Guest post by Justin Tung, Reference Librarian at Tarlton Law Library, University of Texas School of Law
Recently, Adam Bent, a fellow Law Librarian and former classmate of mine, published an article in Pace Law Review entitled “Large Language Models: AI’s Legal Revolution.”[1] In it, he lays out a well-researched history of Chatbots and Large Language Models (LLM’s), giving historical perspective to the situation the legal industry is currently facing in terms of the “AI Legal Revolution.” The overarching conclusion is that treating all LLMs as suffering from the same undesirable characteristics, namely issues of confidentiality and hallucinations, is inaccurate, and that legal-oriented LLM such as CoCounsel or Lexis+ AI are designed specifically to not suffer from those issues. The argument is that since such priorities are integral to the design of these models, their use by legal academics, practitioners, and judiciaries can and should use them ethically.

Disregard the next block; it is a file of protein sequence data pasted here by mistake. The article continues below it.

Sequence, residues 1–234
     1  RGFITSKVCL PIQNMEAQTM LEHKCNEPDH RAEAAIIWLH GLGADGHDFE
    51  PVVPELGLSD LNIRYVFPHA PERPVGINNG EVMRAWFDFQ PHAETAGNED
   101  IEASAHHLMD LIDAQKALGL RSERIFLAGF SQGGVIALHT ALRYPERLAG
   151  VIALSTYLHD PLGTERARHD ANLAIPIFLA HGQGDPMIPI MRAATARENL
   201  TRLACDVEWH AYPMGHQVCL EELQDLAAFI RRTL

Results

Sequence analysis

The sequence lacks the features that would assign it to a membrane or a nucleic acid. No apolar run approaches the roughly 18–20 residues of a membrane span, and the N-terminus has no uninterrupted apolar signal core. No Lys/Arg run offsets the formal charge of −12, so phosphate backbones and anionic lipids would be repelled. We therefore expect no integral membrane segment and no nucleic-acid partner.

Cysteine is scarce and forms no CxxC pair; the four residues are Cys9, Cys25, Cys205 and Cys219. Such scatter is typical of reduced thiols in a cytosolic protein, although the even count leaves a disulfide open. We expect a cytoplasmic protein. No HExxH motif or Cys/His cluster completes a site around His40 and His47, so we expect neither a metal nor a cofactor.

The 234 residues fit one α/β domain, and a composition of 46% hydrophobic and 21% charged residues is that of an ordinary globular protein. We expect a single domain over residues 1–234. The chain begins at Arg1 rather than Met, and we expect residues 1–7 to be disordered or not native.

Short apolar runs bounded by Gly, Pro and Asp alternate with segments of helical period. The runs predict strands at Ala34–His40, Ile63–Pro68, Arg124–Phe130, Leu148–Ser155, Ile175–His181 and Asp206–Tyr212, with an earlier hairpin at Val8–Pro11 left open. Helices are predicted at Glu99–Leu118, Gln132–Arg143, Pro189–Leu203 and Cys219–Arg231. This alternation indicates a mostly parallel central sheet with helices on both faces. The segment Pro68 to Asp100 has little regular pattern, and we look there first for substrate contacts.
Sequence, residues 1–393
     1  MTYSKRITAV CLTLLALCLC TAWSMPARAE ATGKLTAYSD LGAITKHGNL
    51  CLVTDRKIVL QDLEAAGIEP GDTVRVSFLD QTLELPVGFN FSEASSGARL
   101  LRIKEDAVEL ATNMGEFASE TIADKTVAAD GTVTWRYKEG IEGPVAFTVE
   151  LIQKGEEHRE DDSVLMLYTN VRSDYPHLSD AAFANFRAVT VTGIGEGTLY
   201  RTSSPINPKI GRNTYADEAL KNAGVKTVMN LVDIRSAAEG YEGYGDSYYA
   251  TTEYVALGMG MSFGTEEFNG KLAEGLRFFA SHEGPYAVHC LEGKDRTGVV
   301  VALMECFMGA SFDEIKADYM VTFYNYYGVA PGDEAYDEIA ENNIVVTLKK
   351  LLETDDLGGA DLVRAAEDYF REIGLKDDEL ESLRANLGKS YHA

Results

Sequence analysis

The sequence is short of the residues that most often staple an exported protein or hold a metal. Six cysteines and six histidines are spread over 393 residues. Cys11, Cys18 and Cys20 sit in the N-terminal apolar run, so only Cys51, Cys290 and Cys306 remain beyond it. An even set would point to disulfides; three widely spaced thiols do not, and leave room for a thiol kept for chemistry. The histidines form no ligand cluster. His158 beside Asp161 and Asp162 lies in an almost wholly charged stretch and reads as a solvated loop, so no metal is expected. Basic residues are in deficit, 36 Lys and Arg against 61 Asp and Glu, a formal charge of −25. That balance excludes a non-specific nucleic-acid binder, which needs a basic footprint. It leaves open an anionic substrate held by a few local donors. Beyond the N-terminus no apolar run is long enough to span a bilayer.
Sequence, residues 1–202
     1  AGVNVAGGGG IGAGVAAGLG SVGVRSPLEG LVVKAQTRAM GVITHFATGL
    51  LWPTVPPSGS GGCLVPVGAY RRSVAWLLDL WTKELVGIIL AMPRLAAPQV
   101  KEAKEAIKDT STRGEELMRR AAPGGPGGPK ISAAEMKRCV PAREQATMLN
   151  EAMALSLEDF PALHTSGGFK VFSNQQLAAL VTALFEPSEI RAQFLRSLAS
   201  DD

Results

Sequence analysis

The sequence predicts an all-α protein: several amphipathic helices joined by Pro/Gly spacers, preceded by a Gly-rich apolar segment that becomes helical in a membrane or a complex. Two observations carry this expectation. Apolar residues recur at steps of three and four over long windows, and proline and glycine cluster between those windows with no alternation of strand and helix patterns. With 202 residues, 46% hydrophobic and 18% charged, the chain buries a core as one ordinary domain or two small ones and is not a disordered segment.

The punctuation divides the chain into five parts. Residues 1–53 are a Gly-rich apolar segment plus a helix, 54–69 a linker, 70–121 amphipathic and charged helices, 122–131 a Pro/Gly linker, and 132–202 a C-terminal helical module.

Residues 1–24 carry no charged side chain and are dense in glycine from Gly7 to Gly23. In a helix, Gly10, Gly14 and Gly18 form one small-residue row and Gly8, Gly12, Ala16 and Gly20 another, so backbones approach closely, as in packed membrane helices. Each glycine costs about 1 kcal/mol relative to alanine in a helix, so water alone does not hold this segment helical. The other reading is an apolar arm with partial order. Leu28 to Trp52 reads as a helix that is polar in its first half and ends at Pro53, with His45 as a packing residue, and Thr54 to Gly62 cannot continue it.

Although I agree with

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